Hope for the Future at our Rural Day

by Michael Ford last modified 19 Sep, 2019 09:59 AM

Around 150 attendees gathered at Kingston Maurward College near Dorchester on Saturday (14th September) for our first-ever diocesan Rural Day.

Bishop Karen was clear from the outset: "Farming is about risk and faith."

"It’s about 'going' but it’s also about faith sharing... When we step out things begin to happen."

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Luke Rake, Principal of Kingston Maurward College, spoke of its history, set up after WW2 to ensure effective food production, and evolving a more holistic approach than merely to 'put a lot in and get a lot out'.

With the college seeking to be the hub of Dorset’s rural community, he likened fields to factories, and said:

"There is a mission for us to communicate across this county, but also Southampton and other cities."

"Thriving is not just about economics, nor urban-based solutions. After 10 years of austerity, there are challenges!"

"Is veganism the solution? Some of it comes down to evidence, some of it comes down to gut reaction."

Perhaps surprisingly, students came from mainly urban catchments, as far afield as Weston Super Mare.

Keynote speaker Mark Betson asked:

"What makes a successful rural church? Let’s not just focus on 'success', but we do want our churches to grow... A satsuma is not a failed orange."

He cited rural challenges, including an ageing population, an exodus of young people due to wages and house prices, access to transport and services.

He also asked "What has Rural got [to offer]?"

Mark noted the British aspiration to live in the country- including it being seen as a mark of success; local life, safety, fresh air, scenery; families who have lived there for generations; it being a shop floor for industry; wildlife; community and innovation; and a place for being close to God, as in Job 38-39.

Given that 10,000 of the 16,000 CofE churches are rural, he offered ingredients for success, including:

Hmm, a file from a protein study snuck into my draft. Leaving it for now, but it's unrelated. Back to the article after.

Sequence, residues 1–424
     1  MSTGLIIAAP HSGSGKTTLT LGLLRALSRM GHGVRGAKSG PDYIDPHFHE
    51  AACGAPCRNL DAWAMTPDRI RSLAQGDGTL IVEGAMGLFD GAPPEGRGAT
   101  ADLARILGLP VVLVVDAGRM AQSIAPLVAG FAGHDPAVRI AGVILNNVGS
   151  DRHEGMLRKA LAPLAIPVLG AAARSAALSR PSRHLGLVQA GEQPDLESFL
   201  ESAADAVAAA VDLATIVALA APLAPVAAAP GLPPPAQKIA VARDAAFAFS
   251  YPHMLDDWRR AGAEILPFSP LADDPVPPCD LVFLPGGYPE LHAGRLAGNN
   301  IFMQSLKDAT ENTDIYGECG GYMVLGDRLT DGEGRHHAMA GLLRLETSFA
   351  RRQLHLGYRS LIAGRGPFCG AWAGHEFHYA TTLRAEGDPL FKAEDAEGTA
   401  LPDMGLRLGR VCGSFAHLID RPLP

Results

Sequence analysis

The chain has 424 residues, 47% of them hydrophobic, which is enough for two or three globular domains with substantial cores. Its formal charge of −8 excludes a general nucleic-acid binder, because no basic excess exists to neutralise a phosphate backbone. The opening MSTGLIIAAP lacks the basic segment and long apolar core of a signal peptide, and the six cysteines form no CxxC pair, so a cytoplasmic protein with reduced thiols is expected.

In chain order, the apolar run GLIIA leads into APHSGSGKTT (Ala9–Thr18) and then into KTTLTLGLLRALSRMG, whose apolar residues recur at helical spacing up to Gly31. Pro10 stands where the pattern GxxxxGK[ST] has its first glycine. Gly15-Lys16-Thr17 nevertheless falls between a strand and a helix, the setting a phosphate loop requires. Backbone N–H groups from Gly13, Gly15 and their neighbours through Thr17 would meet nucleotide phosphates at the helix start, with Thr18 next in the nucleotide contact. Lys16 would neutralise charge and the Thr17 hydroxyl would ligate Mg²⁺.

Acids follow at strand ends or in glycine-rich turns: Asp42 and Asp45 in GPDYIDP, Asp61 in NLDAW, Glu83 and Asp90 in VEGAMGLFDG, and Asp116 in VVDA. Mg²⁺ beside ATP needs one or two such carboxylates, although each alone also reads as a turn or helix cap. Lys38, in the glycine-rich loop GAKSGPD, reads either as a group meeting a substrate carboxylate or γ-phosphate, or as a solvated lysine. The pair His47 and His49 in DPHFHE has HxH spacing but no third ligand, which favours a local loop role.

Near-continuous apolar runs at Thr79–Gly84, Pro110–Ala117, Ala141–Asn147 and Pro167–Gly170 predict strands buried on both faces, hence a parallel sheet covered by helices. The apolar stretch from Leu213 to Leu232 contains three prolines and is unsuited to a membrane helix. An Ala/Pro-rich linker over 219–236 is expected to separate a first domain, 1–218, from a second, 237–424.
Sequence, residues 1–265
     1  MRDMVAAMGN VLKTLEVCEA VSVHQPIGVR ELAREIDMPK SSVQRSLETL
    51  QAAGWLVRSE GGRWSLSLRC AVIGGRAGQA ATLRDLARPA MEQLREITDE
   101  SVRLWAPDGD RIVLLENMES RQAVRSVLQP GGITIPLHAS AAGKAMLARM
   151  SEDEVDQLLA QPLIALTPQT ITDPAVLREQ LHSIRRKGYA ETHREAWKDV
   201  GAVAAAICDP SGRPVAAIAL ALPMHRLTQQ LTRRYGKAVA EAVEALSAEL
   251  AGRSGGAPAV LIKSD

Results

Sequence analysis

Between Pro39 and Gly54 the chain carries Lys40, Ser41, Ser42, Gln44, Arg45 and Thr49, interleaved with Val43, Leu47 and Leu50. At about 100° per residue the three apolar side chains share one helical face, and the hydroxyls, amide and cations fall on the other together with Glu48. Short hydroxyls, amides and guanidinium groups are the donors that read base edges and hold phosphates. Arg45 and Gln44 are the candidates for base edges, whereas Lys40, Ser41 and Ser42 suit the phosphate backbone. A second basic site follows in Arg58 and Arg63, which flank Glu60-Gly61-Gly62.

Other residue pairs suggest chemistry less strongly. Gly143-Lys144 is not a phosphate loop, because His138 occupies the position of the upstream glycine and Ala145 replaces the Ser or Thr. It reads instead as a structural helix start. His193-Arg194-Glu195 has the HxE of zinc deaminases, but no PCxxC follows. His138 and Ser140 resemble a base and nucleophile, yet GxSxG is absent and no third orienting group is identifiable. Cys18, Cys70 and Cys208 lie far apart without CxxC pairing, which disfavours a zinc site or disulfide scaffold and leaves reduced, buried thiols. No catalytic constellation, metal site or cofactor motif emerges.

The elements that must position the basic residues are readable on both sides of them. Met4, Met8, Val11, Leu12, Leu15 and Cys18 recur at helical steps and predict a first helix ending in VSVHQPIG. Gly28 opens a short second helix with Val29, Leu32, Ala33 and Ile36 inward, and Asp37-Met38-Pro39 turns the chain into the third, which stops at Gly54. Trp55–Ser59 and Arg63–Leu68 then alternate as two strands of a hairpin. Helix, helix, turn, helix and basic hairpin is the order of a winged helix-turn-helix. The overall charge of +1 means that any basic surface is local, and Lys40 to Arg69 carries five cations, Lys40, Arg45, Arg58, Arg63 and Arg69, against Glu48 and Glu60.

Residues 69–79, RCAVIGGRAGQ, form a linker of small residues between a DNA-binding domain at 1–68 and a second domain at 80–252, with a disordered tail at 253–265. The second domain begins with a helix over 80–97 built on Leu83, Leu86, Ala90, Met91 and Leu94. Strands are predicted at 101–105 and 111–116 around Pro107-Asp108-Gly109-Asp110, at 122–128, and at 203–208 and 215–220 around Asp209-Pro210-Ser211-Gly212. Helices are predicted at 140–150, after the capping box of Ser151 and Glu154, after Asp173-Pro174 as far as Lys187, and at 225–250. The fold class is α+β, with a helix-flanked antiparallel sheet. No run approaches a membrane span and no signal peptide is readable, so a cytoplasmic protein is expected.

Trying something, such as a Rural Coffee Caravan in Suffolk. In Sussex, every village that set up a cafe filled it with people, with young mums alongside the elderly. 'Wanting a shop' turned out to be a desire to meet other people.

Gateways in the Scottish Borders, a fresh expression of church, complements traditional church, reaching those not in traditional churches with a family-friendly Gathering once a month and a Fellowship (a discipleship gathering), again once a month.

He gave examples of family worship services, with children moving away to university and the church looking to reach young families; keeping key elements such as Eucharist, but keeping services short; trying ideas and getting feedback; and getting a service people were happy with.

Basics also included welcome, good signage, a decent parish magazine, a web presence, and social media.

He addressed misconceptions about Festival Churches: that they are not mothballs, they are opportunities - to reduce governance, transfer some responsibilities, remove a requirement of weekly worship, and focus on significant festivals.

Asking key questions, and above all -

"How do you ground all this in prayer?"

Access his PowerPoint here

Attendees responded with questions of funding, mobility, inclusivity (such as subtitles for videos), and comments that the likes of Open the Book, single dads, and children over the age of 8 are often overlooked.

Before coffee, attendees used post-its to write down one question to put up on the wall, for the Panel session featuring Rural Hope Manager Sarah Keen, Mark Betson, CEO of the Arthur Rank Centre Claire Maxim, and Archdeacon Sally Gaze from Norwich Diocese.